Thinking Further About Diversity in Filmmaking
On June 16 2018, the Vancouver Asian Film Festival (VAFF) launched its thirteenth annual Mighty Asian Moviemaking Marathon (MAMM) competition with a special VAFF Industry Insight Panel Series event, Diversity in Filmmaking, the first of its kind to happen outside of VAFF’s regular festival programming in November. Taking place at the Museum of Vancouver, over 100 individuals attended the event to learn and share more about how people of colour are impacting various aspects of filmmaking.
The Mighty Asian Moviemaking Marathon (MAMM) celebrates its 13th year of supporting and showcasing emerging local filmmakers with a bigger national competition, now accepting team registrations and video pitches until July 13th, 2018. Learn more about this year’s competition and enter by visiting our official MAMM13 page.
The event, which was supported by community partners Raindance Vancouver, East Van Showcase and STORYHIVE, brought together various members of the film community, including aspiring and current filmmakers, actors and actresses, talent agents and members of the media to provide a holistic view of representation both in front and behind the camera. Organized by this year’s MAMM Creative Producers, Mayumi Yoshida and Nach Dudsdeemaytha, two accomplished writers and producers, the event comprised of four different panels, each addressing different aspects of film development and production.
“While studio executives play an important role in fostering diversity, viewers at home are voting every day for the shows they want to watch while they consume media on platforms such as Netflix.”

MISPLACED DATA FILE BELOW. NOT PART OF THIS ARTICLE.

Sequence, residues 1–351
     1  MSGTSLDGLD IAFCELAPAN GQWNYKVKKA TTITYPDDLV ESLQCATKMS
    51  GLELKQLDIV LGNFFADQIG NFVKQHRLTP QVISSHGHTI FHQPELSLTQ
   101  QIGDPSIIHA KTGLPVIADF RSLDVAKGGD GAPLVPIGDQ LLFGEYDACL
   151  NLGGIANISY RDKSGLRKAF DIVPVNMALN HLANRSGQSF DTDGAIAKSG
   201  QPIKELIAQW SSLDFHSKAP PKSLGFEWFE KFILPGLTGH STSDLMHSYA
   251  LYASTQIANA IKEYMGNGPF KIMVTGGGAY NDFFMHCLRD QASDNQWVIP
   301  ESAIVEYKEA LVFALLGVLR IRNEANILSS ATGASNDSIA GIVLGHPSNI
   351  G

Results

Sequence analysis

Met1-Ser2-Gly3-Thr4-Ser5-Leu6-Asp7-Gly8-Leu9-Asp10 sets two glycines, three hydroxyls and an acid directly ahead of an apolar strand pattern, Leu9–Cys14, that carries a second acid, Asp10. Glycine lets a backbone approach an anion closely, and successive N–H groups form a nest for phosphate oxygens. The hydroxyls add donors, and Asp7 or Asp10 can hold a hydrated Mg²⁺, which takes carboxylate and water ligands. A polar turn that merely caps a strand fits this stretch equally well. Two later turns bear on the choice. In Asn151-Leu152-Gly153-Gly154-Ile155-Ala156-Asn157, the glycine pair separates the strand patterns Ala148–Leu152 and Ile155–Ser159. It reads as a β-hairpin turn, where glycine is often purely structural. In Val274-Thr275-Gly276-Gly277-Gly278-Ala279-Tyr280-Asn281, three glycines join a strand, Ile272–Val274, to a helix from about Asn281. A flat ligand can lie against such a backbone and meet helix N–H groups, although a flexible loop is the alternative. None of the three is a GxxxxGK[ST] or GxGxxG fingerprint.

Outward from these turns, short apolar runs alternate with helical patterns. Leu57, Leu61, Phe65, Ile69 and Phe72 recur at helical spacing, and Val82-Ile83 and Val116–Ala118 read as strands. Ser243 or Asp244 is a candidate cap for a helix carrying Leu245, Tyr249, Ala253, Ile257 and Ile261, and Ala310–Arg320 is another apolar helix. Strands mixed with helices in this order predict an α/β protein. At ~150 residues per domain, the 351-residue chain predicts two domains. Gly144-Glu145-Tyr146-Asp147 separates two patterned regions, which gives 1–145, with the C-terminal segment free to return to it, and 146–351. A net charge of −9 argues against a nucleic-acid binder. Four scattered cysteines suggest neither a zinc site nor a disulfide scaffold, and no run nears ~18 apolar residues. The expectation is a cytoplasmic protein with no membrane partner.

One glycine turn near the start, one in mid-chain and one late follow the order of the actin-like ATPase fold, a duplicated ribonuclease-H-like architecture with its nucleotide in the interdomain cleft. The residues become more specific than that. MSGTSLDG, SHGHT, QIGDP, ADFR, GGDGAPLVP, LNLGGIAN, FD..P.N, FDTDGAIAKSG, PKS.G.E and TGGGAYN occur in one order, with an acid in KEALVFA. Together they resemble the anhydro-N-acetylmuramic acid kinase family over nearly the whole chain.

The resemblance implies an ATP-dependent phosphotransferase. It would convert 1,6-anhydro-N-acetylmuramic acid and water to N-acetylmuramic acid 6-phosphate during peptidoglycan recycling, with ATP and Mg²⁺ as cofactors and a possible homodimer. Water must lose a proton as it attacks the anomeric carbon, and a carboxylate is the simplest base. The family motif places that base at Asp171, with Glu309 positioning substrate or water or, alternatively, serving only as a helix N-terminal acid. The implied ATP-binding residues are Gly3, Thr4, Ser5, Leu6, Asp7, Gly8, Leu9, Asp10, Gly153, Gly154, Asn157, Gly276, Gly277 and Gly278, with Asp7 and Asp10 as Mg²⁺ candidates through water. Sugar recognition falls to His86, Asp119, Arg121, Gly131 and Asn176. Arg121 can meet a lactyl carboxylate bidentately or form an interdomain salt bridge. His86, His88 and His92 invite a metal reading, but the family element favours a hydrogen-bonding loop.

The day opened with the panel titled Trust Your Voice, focused on funding strategies, packaging, and ways to tackle the challenges that occur through the production process. Sharing their experiences from the industry, panelists discussed diversity at both a local and global scale. In particular, Megan Lau, Manager at STORYHIVE, noted the important role that writers have in creating “the world we want to see” reflected in film and television. Likewise, an equal emphasis was also placed by panelists on the role of viewers. Kashif Pasta, a producer, director and actor at Dunya Media also noted the important role studio executives play, but also reminded us that viewers at home are voting every day for the shows they want to watch while they consume media on platforms such as Netflix.
The second panel, The Fight for Visibility, shifted perspectives, turning to agents, union representatives, and actors for their perspectives on the industry. A deeper dive into this panel revealed from all panelists the struggle to authentically represent and portray people of colour on screen, balancing both the need to ensure that specific roles are casted with people from respective cultural and linguistic backgrounds, and that they are addressed with sensitivity, especially around the portrayal of refugees, immigrants and other communities who are often stereotyped on screen. Acknowledging these different point of views, the audience was also reminded that actors also have the agency to audition and act in any role, even if they aren’t from a particular race. Actress Aliza Vellani also noted that the movement towards more representation from people of colour is not only present within the film industry, but that the world is currently fighting for more visibility as these communities resist the pressure to be silenced.
At the lunch break, panelists and participants discussed these topics further over, through the kindness of Wakwak Burger, a Japanese-style burger stall, who generously donated time on their day off to offer infusion styled food to participants.